Courtesy of Tactical Life
The ability to adjust to unpredictable circumstances will always be more valuable than any piece of equipment. Most of the 9mm versus .45 debate exists in a vacuum, and ignores the real world application of the rounds. Yes, wounding characteristics are studied. Yes, carrying capacity and marksmanship mechanics are studied. But at the end of the day, if you’re issued a 9mm, it doesn’t matter if you want a .45, because you’re going to war with the pistol you’re given.
Civilian shooters can exercise more freedom and select whether they want to use a 9mm or .45 caliber pistol in personal defense. Consequently, increased latitude with firearms selection can lead to the gear trap, in which an individual constantly buys new equipment instead of learning to use the hardware he already owns. Customization if fine, but only after you’ve truly learned your abilities with your equipment, and not the other way around.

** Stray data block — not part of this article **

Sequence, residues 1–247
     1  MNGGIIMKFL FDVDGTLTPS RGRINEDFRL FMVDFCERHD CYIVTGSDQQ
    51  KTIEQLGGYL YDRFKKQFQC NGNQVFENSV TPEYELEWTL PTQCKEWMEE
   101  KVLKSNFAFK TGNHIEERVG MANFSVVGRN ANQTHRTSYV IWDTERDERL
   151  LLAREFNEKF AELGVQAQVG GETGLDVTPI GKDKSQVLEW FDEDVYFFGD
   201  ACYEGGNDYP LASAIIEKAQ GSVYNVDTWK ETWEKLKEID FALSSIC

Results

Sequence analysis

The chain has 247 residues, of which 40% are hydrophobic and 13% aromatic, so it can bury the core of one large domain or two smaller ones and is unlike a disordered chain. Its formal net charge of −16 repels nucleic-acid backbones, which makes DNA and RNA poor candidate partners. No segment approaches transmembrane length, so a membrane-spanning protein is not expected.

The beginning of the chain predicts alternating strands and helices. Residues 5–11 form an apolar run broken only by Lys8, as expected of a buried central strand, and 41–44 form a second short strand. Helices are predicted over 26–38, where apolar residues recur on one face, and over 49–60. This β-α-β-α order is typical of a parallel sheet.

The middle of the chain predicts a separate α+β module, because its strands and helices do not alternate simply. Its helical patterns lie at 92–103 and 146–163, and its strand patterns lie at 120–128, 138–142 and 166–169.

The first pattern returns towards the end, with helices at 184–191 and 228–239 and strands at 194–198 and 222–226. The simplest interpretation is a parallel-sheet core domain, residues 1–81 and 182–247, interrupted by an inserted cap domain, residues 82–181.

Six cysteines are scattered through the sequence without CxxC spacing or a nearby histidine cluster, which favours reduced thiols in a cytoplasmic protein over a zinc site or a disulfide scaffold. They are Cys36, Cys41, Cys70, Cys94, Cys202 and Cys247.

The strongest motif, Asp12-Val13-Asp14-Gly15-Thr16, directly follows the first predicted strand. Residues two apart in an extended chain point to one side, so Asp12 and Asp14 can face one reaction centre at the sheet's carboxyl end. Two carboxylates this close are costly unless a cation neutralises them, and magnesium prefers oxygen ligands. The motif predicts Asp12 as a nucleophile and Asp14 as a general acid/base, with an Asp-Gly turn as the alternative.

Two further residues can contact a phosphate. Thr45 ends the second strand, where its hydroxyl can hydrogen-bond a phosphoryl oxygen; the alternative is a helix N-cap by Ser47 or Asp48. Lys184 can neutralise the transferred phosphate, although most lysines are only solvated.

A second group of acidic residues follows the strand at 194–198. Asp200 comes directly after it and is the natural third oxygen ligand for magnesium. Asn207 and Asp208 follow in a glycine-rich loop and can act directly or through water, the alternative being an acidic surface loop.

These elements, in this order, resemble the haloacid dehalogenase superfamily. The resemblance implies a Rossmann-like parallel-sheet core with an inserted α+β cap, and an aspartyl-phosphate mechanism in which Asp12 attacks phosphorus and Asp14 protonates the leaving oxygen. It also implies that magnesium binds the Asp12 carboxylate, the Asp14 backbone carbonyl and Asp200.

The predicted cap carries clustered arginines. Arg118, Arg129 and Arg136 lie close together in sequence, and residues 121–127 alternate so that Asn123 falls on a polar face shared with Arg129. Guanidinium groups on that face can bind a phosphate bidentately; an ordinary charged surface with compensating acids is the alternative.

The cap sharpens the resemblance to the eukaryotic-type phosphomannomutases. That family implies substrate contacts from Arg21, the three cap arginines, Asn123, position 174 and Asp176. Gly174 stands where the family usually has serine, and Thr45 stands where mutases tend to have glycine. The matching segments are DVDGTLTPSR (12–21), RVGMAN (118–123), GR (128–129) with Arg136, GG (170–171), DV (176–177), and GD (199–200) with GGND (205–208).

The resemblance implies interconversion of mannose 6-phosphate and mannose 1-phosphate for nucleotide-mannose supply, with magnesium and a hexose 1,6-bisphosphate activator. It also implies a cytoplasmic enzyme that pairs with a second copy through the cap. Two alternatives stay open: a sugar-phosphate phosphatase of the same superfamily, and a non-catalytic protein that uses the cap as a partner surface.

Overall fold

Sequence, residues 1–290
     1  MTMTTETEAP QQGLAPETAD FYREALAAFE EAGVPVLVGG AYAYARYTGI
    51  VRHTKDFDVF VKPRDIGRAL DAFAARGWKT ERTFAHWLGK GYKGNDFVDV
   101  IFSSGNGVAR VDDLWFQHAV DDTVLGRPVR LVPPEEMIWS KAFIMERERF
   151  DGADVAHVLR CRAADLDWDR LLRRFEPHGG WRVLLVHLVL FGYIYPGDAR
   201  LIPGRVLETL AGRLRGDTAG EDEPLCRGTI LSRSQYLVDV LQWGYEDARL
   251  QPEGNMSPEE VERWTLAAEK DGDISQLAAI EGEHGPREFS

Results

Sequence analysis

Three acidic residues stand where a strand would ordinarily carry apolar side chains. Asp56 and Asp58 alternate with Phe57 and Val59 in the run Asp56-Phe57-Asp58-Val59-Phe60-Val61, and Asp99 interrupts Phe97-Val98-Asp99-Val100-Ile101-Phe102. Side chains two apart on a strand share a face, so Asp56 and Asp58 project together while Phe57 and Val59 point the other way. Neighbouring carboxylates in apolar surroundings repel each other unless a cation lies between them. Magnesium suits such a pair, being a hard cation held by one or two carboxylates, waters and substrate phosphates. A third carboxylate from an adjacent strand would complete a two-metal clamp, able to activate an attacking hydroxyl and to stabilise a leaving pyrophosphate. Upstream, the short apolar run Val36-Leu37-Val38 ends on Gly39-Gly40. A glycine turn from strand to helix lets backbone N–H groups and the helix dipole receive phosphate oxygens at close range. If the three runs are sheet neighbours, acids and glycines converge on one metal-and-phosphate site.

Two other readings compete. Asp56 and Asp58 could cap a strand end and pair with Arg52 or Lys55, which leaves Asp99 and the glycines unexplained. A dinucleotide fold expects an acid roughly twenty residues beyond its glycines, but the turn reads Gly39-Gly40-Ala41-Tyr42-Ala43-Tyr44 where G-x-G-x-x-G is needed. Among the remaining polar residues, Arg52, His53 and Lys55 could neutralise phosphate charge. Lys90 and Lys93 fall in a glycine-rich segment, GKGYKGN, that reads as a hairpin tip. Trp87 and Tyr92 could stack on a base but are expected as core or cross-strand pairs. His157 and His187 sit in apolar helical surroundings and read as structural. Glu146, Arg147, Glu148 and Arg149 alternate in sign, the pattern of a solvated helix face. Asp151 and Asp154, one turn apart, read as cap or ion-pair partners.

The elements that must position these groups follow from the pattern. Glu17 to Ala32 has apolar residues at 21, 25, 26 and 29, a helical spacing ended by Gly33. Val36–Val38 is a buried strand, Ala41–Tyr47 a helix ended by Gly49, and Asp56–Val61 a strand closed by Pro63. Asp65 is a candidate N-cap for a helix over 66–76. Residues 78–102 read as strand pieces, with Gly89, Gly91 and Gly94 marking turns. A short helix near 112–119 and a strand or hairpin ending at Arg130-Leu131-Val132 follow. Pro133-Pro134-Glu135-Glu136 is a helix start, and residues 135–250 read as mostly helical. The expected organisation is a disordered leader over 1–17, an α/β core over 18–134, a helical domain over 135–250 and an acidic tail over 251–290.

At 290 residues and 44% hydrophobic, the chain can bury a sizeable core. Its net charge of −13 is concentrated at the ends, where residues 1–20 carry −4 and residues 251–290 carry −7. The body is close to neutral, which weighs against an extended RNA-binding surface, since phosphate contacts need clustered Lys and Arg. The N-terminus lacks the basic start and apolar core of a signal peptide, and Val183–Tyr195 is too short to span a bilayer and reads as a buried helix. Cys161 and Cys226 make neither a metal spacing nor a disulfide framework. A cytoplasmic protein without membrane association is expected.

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If you’re capable and competent with your hardware and are thinking about upgrading, should you? Pistol marksmen in favor of the .45 will argue that it will knock down a threat quicker. However, 9mm advocates will respond that shot placement determines lethality, not the size of the caliber. So how do we decide which platform to employ? Your mission should dictate preference.
In Iraq, some Special Forces teams would trade in their M4s for the 7.62 semi-automatic sniper systems (SASS) platform because it allowed them to kill threats quicker during close contact in a house. The logic was that four assaulters shooting a bad guy with 7.62 ended a fight quicker than shooting 5.56 ammunition. Although these soldiers swapped for a larger caliber primary weapon, they still retained a 9mm secondary. Why?
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